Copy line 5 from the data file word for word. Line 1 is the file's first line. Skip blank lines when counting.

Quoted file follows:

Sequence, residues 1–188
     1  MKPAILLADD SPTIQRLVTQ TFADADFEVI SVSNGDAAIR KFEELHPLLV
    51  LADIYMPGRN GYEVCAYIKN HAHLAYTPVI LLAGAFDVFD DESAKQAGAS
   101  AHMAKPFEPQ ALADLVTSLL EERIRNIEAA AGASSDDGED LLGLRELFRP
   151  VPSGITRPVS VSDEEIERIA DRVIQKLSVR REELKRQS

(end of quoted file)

   151  VPSGITRPVS VSDEEIERIA DRVIQKLSVR REELKRQS